Moonshine archaeology project takes student researchers to North Carolina

MAGGIE VALLEY, N. C. -- Carly Hunter is not your average researcher. She, along with three other students and archaeology professor Kirk French, journeyed to Maggie Valley, North Carolina this summer to study illicit whiskey production (moonshining) in the Great Smoky Mountains. As an anthropology major and sociology minor from Lancaster, Pennsylvania, Hunter describes herself as “very passionate about helping people.” She hopes her experiences throughout this project can help inspire other students.

Hunter learned of the project in her Introduction to Archaeology course, taught by French. She said she emailed him after class to express her interest in participating. All it took was a simple email to begin a research experience that served as both a learning experience and a stepping stone.

As the topic suggests, the Moonshine Archaeology project was far from boring. The students spent long days interviewing community members for their research. They used these interviews along with digitized newspapers to gain a better understanding of the history of illicit whiskey production. They even searched for hidden stone furnaces that were used in the making of moonshine. French describes the most amazing part of the project as “meeting one moonshiner in particular, that trusted us enough to allow us to document and film his hidden still.” 

This came with a significant amount of work for all involved. The students collected as much ethnographic information as possible, and meticulously documented their findings through video, drone and GoPRO footage, as well as digital photographs and written records. These experiences were not without academic and professional benefits for the students involved. Their involvement even benefitted the older individuals involved in the project by bringing what French described as a “fresh perspective.”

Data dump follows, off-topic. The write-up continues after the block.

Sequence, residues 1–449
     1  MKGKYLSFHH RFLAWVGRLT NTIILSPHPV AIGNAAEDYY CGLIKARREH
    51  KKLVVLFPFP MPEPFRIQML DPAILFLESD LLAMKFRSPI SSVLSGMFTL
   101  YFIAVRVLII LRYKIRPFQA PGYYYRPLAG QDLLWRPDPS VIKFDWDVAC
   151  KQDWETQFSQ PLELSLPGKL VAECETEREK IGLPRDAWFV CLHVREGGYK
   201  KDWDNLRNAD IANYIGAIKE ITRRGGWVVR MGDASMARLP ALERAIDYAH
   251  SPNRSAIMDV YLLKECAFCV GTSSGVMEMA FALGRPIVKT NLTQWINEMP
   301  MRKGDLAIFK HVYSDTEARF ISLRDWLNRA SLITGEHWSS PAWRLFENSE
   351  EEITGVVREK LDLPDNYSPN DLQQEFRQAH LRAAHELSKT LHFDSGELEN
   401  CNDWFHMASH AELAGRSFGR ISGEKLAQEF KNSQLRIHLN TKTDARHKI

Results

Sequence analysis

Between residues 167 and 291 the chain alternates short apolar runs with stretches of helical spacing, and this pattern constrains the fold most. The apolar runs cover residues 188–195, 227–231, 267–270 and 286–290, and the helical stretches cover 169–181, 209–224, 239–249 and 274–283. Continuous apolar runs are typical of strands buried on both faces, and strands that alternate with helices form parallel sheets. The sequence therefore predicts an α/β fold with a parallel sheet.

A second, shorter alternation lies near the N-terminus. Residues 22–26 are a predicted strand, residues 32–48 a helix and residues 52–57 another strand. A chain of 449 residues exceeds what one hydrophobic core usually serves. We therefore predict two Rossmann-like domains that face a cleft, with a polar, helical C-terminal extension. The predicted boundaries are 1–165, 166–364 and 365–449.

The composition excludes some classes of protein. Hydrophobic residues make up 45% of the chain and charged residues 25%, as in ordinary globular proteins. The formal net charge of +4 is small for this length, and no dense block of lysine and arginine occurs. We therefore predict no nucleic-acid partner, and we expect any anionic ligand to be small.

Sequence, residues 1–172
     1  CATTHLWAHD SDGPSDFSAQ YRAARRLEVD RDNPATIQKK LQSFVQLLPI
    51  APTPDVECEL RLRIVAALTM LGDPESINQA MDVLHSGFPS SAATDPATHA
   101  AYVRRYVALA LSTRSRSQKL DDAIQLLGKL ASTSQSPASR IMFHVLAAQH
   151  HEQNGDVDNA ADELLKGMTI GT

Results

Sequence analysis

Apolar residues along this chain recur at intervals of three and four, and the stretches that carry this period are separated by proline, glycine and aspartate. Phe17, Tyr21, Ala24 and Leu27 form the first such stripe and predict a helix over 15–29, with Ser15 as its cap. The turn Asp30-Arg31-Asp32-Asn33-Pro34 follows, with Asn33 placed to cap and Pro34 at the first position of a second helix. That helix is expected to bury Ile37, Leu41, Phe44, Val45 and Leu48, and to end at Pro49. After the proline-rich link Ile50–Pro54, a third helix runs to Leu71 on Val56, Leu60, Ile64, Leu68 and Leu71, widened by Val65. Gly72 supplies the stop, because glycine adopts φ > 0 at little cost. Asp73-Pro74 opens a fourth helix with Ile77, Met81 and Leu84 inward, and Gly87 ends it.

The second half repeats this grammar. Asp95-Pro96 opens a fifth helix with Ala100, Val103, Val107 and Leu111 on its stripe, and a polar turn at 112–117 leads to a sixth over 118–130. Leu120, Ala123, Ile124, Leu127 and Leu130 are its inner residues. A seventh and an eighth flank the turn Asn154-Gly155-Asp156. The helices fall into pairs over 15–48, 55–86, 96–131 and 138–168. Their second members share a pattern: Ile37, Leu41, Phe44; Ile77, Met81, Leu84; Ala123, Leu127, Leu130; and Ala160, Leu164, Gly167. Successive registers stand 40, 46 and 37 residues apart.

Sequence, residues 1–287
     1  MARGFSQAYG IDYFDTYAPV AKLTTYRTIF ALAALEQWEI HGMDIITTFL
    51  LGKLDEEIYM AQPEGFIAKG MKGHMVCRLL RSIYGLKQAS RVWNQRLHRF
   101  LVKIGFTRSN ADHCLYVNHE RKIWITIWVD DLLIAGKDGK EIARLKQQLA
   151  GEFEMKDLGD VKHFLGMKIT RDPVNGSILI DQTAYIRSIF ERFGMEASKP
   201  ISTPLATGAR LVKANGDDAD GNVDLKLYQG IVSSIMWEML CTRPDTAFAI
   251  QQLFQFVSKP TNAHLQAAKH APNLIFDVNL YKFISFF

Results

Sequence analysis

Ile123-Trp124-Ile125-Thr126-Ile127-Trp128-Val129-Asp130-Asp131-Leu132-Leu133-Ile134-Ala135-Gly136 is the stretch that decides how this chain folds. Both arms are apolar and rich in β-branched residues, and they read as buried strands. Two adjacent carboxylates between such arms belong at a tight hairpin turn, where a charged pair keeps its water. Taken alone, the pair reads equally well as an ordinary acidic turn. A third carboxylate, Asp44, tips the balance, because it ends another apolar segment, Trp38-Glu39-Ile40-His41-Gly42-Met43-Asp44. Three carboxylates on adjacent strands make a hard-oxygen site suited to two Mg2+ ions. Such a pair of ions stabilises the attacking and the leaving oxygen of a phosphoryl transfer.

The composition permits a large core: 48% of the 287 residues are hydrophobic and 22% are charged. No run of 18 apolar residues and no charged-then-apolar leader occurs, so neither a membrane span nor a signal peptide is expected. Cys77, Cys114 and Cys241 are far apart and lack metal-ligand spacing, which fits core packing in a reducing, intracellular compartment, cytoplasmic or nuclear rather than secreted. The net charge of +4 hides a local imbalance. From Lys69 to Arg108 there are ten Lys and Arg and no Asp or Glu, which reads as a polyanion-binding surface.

In Hunter’s case, she developed her research and presentation skills, which she will use to present her own research poster here at Penn State and at the Society for American Archaeology’s annual conference. She also learned cultural skills from working with people of varied backgrounds.

In fact, “taking the time to learn where people come from” was the most important lesson Hunter learned on the trip. She and the other students got to hear different viewpoints on society and authority in their interviews, and also to understand why people produced moonshine, despite its illicit nature.

Carly Hunter and the rest of the project’s team set a positive example for all undergraduate students on the importance of research. Hunter says she would definitely recommend this type of experience to other Liberal Arts students. When asked how students can become involved in similar projects, both French and Hunter emphasized simple interactions with professors. In Hunter’s experience, she noticed that “professors here enjoy seeing passionate students interested in the same things they are, and they want you to gain as much experience during your time here as possible.”

French certainly fits this description, giving students this advice: “Sitting in the classroom is important. Working in a lab or in the field is important. But doing both -- will change your life.”

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Last Updated October 10, 2017